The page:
Mississippi parents rethink in-person school as coronavirus cases mount
When given the choice between virtual and in-person learning, Joel Barnes decided to send his four kids back to the classroom in northeastern Mississippi in late July.
Barnes said he thought he was making the best possible decision for his children’s education; he imagined them getting one-on-one instruction from teachers, learning and socializing with other kids for the first time in months.
But now, less than two weeks into the academic year, the Corinth School District has already experienced an outbreak and Barnes is starting to regret his choice.
At least eight students and one teacher in the district recently tested positive for COVID-19, prompting more than 120 students who elected for in-person classes to be quarantined for the next 14 days, including Barnes’s son. Barnes picked up his son from Corinth High School early on Thursday upon receiving a call from the Corinth schools administration.
His kids will now be spending their school days back at home.
“We expected there to be some cases of COVID, but we’re honestly surprised that it happened so quickly and has spread to so many so rapidly,” Barnes said. “Now, It’s taken off — it’s almost to the point of wildfire.”
As students return to in-person classes across the country, school communities like Corinth are seeing their first outbreaks. Many parents say it was part of a calculated risk they were willing to take when they decided to send their kids back to in-person school.
Dr. Thomas Dobbs, Mississippi’s state health officer, said sending kids back to school in-person is a “frightening experiment.” However, he said Corinth officials have handled it in the best way districts can — they’ve kept the public informed about new cases, completed contact tracing investigations and told students who might have been exposed to quarantine.
Barnes said it’s gotten to the point where he’s worried about his health. He was in a severe car accident three years ago that required him to spend weeks on a hospital ventilator. He has lung and nerve damage, and he’s worried about getting the virus.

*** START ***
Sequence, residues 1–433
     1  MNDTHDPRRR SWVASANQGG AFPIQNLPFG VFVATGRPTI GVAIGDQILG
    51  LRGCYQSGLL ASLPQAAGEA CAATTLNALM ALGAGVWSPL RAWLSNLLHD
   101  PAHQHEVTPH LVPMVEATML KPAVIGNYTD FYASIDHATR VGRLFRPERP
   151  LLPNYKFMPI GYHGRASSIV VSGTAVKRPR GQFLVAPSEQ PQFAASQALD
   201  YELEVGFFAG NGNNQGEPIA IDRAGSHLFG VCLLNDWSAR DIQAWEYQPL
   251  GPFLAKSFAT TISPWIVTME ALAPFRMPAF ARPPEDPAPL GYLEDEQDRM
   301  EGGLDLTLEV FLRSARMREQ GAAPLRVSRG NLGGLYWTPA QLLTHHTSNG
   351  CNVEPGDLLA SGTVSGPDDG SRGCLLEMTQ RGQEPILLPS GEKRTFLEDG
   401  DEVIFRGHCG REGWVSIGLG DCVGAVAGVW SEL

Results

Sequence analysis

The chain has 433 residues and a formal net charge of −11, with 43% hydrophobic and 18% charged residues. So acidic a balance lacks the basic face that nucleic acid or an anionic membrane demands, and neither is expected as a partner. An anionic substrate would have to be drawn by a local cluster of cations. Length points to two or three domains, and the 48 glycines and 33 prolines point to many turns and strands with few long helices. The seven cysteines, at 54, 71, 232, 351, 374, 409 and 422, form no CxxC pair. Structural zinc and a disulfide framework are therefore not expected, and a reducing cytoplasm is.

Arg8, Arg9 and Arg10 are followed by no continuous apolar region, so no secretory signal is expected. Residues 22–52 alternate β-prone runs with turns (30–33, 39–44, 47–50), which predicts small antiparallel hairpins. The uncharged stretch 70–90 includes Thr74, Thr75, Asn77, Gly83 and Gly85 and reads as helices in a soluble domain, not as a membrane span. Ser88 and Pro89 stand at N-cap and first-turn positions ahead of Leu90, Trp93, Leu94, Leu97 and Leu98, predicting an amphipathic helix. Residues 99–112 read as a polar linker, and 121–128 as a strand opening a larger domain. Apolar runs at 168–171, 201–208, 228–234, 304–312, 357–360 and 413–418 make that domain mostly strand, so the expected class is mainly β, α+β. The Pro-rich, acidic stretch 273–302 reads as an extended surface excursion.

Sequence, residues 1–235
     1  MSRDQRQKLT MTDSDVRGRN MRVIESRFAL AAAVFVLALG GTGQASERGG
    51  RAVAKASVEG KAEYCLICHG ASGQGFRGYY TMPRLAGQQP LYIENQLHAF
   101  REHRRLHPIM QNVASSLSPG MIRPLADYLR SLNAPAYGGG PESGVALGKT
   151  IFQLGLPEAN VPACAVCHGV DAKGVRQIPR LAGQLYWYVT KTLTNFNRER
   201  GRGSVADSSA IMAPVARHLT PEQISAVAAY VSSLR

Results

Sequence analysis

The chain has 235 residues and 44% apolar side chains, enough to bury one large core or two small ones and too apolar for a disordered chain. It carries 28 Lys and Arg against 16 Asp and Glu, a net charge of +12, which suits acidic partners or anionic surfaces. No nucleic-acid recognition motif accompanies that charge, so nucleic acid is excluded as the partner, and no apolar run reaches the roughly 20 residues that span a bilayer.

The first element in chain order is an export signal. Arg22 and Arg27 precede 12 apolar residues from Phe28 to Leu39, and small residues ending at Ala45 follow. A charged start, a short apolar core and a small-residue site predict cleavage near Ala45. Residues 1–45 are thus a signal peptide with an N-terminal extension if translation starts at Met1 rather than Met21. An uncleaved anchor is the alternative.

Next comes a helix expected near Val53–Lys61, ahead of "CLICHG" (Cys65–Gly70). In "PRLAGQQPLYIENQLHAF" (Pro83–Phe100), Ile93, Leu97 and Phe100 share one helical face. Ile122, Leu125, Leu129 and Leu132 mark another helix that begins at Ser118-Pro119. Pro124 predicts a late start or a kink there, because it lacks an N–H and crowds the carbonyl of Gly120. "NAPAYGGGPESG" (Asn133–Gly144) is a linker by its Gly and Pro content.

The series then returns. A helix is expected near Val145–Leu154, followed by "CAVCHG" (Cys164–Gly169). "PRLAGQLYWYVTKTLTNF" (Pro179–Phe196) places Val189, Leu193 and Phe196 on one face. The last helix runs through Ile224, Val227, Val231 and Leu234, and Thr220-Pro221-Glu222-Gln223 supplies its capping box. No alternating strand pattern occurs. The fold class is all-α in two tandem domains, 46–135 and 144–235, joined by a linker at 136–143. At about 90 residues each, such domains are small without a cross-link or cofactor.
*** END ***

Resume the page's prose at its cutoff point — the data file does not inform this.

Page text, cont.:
“In hindsight, we wish we’d gone virtual from the start,” he said.
Corinth parent Kimberly Kilpatrick-Kelley said she has been keeping her middle schooler and high schooler at home because she anticipated that if schools opened, outbreaks would happen.
“I told my mom I didn’t give it a month and there would be positive outbreaks, and as you see it was the first week,” she said. “I really think the officials need to re-evaluate the situation.”
She said she spends a lot of time worrying about the kids and the teachers who are still there. She feels glad she made the decision she did.
“My kids’ health and well-being are too important to risk it, in my opinion. I mean, why take the chance?’” she said. “I would rather keep my kids out of harm’s way, than to take a chance of them losing their life in the worst-case scenario.”
The Health Department said Friday that Mississippi, which has a population of about 3 million, has had at least 65,436 reported cases and at least 1,848 deaths from COVID-19 as of Thursday evening. That’s an increase of 1,036 confirmed cases and 23 deaths from numbers reported the day before.
The true number of virus infections is thought to be far higher because many people have not been tested and studies suggest people can be infected without feeling sick. For most people, the coronavirus causes mild or moderate symptoms. For some, especially older adults and those with existing health problems, it can cause more severe or fatal illness.
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